You are invited to watch a special television event that I appear in.
I'm sharing my "Foodie Gardener" recipe for "Chayote Squash with Garlic and Sun Dried Tomatoes!"
Hallmark Channel Announces A New Hallmark Channel Original Special
“Home & Family Holiday Special”
Hosted By Mark Steines & Cristina Ferrare
Monday, November 25th from 8:00PM – 10:00PM ET/PT
On Hallmark Channel
Hallmark Channel announces a new Hallmark Channel Original Special, “Home & Family Holiday Special,” starring Mark Steines and Cristina Ferrare, will air on the network, Monday, November 25 (8:00pm ET/PT, 7:00pm CT).
The “Home & Family Holiday Special” will encore on Tuesday, November 26 (10:00 am ET/PT, 9:00am CT).
The primetime edition of Hallmark Channel’s Daytime Emmy-nominated Original Series will feature Mark and Cristina celebrating the holidays with live entertainment, celebrity guests, recipes, crafts, and a tree-lighting ceremony second to none.
Celebrities dropping by to celebrate with the family include Emmy Award-winning actor Kellie Martin, Daytime Emmy-nominated actor Cameron Mathison, veteran TV actor Candace Cameron Bure, six-time Grammy Award-winning sing/songwriter Naomi Judd, and Golden Globe nominee Nicollette Sheridan.
The special will also feature amazing musical performances by the Italian operatic pop trio Il Volo; TV Host/Singer/Song Writer and new “Home & Family” member Matt Rogers; and the John Burroughs High School Choir, the national grand champions of all high school choirs in the United States.
And to top things off, a special festive ice rink will be set up in the Home & Family’s yard for a performance by the phenomenal Los Angeles Ice Theater company.
A “Home & Family Holiday Special” would not be complete without Cristina’s famous turkey dinner recipe that is a personal favorite of Oprah’s while Mark will share with the viewers, the secrets of how to take amazing holiday family pictures and make them unique to cherish for a lifetime of memories.
Lastly, in keeping with holiday traditions, there will be a tree and house-lighting ceremony, complete with ornaments and decorations from Hallmark Cards.
“Home & Family” family members Shirley Bovshow, Kym Douglas, Jessie Jane, Debbie Matenopoulos, Tanya Meme, Laura Nativo Matt Rodgers, Jill Simonian, Sophie Uliano and Ken Wingard will also be on hand to help bring in the holiday spirit.
“Home & Family," nominated for a prestigious Daytime Emmy Award for Outstanding Lifestyle Program and now in its second season, airs daily on Hallmark Channel, Monday -Friday (10:00am – 12:00pm. ET/PT, 9:00am CT).
Marty Tenney is the Executive Producer, Stacey Patterson, Ryan Berlin and Megan Lawson are Senior Producers. Bob Levy is the Director.
“Home & Family” is a Woody Fraser Enterprises production.
The show is broadcast in 1080i, Hallmark Channel’s selected HD Format and this program carries a TV-G parental guideline rating.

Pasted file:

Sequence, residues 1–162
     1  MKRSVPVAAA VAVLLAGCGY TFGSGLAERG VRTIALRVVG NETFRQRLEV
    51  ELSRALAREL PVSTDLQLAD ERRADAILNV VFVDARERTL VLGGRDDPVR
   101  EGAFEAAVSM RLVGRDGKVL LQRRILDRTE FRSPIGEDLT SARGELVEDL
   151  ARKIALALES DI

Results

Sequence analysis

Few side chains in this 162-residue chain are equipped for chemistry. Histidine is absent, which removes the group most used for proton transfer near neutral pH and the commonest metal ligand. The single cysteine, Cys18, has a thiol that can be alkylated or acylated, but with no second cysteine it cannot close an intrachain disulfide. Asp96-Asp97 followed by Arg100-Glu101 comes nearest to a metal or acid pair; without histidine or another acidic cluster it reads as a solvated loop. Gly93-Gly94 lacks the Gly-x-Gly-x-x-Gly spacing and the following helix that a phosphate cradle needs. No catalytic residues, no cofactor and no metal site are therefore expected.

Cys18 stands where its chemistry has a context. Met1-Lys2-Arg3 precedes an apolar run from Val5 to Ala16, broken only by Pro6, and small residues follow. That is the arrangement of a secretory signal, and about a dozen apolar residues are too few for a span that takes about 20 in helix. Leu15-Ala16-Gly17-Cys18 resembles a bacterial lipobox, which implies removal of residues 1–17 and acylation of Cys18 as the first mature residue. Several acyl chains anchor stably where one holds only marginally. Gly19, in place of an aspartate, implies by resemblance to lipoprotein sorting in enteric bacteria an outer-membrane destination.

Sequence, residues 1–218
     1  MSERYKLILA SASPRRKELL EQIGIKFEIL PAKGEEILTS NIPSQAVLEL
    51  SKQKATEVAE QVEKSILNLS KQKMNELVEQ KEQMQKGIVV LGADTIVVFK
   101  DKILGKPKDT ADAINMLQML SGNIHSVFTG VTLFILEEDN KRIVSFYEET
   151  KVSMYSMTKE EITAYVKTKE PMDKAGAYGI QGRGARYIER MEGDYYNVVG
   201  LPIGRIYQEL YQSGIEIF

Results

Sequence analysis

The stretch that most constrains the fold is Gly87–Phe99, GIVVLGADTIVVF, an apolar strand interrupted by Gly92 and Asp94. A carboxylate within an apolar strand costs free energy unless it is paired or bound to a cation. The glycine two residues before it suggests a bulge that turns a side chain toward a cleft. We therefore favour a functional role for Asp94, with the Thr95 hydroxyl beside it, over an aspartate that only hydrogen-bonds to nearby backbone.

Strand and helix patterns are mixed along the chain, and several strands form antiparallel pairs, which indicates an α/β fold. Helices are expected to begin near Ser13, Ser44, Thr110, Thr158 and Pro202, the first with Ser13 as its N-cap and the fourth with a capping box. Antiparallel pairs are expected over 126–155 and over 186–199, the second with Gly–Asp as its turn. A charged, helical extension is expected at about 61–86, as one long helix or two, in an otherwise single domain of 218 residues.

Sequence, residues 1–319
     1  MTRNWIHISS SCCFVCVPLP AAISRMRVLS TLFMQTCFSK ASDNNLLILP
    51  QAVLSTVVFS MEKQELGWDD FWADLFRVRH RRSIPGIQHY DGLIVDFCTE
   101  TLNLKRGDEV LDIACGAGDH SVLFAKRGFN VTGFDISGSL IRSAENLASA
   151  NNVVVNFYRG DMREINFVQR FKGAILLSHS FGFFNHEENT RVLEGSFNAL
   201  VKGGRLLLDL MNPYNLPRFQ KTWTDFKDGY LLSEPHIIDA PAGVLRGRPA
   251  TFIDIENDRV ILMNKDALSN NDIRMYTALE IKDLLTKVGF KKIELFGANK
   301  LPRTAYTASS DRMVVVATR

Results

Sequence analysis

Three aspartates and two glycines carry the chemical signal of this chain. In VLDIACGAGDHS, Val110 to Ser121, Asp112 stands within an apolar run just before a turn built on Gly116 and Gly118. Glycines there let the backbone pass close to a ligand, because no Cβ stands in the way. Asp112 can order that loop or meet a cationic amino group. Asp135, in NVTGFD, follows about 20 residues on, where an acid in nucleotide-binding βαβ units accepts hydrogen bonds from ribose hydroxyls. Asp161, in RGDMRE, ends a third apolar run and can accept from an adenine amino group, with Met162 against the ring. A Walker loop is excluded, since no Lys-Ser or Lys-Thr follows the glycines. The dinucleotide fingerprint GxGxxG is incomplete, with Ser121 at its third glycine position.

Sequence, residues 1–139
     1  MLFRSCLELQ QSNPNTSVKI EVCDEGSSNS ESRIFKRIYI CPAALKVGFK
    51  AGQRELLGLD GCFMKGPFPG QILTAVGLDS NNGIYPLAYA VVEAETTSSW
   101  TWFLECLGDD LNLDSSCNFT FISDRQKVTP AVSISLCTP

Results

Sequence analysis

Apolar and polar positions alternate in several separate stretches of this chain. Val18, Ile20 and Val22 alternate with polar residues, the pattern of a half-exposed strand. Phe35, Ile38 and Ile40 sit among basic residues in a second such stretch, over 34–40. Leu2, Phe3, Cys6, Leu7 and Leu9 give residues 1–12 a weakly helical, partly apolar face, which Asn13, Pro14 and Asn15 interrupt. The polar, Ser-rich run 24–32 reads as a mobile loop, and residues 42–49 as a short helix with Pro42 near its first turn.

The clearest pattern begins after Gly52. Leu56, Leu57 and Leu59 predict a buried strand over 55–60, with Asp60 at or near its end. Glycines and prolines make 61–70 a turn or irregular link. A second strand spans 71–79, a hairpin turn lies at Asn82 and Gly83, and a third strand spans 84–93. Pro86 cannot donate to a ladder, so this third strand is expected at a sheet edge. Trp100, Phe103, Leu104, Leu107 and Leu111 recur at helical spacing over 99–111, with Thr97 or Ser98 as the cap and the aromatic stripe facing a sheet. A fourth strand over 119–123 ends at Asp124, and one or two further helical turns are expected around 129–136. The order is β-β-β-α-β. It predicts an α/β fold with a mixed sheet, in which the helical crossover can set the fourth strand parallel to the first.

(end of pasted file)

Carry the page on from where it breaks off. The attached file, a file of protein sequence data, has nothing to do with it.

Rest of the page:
Build an inexpensive compost bin for red worms and get started on basic vermicomposting!
What is Vermicomposting?
"Vermicomposting is the process where red worms and micro organisms break down rotting food such as breads, banana peels, coffee grounds, paper products, (anything but meat and oil) and transform it into rich, compost soil for your garden!"
Do you want to put your leftover food to work and save money on buying compost for your garden?
It's easy and doesn't require a demanding time commitment or a lot of money to get started.
How Do Red Worms Create Compost?
It's a comlicated process which I will simplify for you:
The red worms live in a compost bin where microorganisms are plentiful.
They dedicate themselves to eating rotting food, multiplying and excreting "vermicastings."
Vermicastings are the end product or prized compost soil that can be used in both containers and garden beds.
In exchange for their castings, the worms ask for a warm, cozy, dark bin to live in, consistent moisture, and some food scraps- which, you need to dispose of anyway!
Sounds like a win/win situation.
Watch Video: "How to Make a Vermicomposting Box: Gardens of the Rich and Famous"
Although the show is actually a comedy and not a traditional garden show, you will take away a valuable "garden 101" tip from me in each video!
Please subscribe to be notified each time a new video is posted!
Materials for Building a Compost Box for Worms
These are the materials I used in my video tutorial:
Two, 5-gallon paint buckets with plastic cover (one bucket will be placed inside the other)
A powered drill with 1/4" bit
Rotting fruit, vegetables, bread, coffee and tea grounds
Red Wiggler worms (these are the best type of worms to use for vermicomposting)
Steps for Building a Compost Box for Worms
Prepare the buckets!
1. Drill holes on the bottom of bucket that will be nested inside the other bucket using 1/4 inch drill bit to provide drainage for liquids and water.
When excess water drips out of this bucket, it will be caught in the bottom of second bucket and can be used as "liquid tea" for watering plants.
Holes should be 1/2 inch apart at bottom of bucket to release excess water.
The worms may crawl out but this is not likely.
Add a fine mesh cloth at bottom of bucket if it is a problem.
Add more holes below the bucket rim for aeration.
Add holes all the way around.
Your worms need oxygen too!